Milk Pricing and Packaging
Unfortunately, price and sales run inversely-price goes up a lot and sales go down a lot; prices go down a little and sales go up a very little. Many of our best customers-families with several kids-just simply don't think they can afford milk any longer; certainly not as much as they once could.
The numbers tell the sad story. Sales peaked in the early 1990s when we sold 55 billion pounds of beverage milk. Last year, we sold about 54 billion pounds. That's a 2% decline to total sales.
The per capita numbers are a whole lot scarier. Fifteen years ago, per capita usage was about 220 pounds; last year, just over 180 pounds. That's a 15% decline.
How do we stem the decline? I see one very large challenge and two really sweet opportunities. There are many more of both, challenges and opportunities, but solving them will yield gallons of growth; long-term, sustainable growth.
The challenge: Taking the gyrations out of milk prices. The opportunities: Getting milk on more foodservice menus and getting kids to drink more milk in schools.
Taking the gyrations out of milk prices will be no easy task. Milk producers and their cooperatives will fall on their swords to defend classified pricing. The troops are being rallied now to define how milk used in dairy beverages should be priced.
I have a couple of suggestions:
1. Please listen very carefully to what your customers and consumers have to say. Take at least a few steps toward creating a pricing mechanism that allows innovative beverage makers to meet the needs and demands of a new marketplace and a new consumer.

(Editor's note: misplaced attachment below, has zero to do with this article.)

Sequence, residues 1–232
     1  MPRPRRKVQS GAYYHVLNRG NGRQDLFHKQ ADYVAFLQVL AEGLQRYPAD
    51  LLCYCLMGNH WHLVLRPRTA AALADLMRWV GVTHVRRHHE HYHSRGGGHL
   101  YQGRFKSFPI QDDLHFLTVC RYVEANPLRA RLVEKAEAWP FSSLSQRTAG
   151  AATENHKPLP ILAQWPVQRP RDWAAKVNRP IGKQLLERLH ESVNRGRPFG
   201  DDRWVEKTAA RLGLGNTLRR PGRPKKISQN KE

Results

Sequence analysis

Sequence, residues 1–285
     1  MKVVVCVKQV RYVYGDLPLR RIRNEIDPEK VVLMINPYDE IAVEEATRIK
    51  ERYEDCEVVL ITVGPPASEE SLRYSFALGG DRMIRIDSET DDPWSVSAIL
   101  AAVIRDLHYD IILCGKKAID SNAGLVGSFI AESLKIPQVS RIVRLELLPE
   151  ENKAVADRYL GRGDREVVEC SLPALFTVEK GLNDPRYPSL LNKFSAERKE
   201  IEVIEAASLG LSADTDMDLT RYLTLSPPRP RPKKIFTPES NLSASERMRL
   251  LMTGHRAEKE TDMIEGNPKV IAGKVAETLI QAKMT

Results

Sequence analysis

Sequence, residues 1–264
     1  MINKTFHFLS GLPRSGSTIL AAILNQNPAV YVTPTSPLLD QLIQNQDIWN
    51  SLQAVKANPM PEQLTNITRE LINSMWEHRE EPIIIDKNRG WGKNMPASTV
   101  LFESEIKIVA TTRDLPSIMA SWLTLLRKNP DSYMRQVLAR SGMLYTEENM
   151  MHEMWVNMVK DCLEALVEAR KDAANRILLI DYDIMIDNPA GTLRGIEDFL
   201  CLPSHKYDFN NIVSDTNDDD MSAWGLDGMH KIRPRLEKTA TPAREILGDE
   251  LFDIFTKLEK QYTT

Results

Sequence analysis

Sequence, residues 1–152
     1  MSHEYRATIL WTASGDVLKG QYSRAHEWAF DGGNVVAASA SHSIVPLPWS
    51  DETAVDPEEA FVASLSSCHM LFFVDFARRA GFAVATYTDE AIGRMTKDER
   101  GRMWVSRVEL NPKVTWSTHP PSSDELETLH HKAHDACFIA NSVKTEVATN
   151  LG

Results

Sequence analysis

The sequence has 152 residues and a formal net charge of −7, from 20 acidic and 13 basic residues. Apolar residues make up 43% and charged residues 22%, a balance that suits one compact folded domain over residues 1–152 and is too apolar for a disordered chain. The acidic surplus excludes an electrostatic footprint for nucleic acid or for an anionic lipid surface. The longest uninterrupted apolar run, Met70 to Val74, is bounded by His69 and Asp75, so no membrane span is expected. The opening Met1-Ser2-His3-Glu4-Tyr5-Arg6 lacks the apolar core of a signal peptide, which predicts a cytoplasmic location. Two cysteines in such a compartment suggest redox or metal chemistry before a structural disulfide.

2. Take "Class I" milk prices and cheese prices to divorce court.
The opportunities-foodservice and schools-are hugely exciting and already proven.
Milk producers, via Dairy Management Inc, have already demonstrated that milk sales can be dramatically increased in quick-service restaurants and schools. It's not necessarily easy, but it can be done. The data are proving it.
Last summer, at the urging of DMI, Wendy's and McDonald's launched milk-both white and chocolate-in plastic re-sealable bottles. Sales shot up. Sales weren't sustained at the launch levels, but they were several times greater than earlier, and by the fourth quarter of last year foodservice milk sales were two to three percentage points above year-earlier levels even as retail milk sales sagged. All we need now are more plastic bottles full of milk in more fast-food chains.
The marketplace has changed. Obesity, especially among children, is a hot topic. Foodservice operators need to demonstrate that they are socially responsible and milk helps them deliver a better health and nutrition profile.
Ditto for school lunch lines. Social and political pressure is mounting for better nutrition; less sugar and less caffeine. DMI and state and regional promotion units have sponsored research demonstrating that milk in plastic bottles, served nice and cold, drives usage higher.
Out of this research, DMI has created a program called "New Look for School Milk." The program is gaining traction and selling more milk, but more proponents are needed; dairy processor proponents willing to deliver milk in plastic and willing to deal with other issues like recycling.
Both efforts-foodservice and schools-mean improved milk sales today and into the future as children grow up confirmed milk drinkers. Just take a look at the yogurt business. Faced with flattening sales, the launch of a host of products targeted at kids has the category growing at a rate of 10% a year.
Let's listen to our customers and consumers and fix the pricing mess. Let's aggressively put milk in front of our customers and consumers where they want it and in the package they want.
I'm feeling very optimistic again. How about you?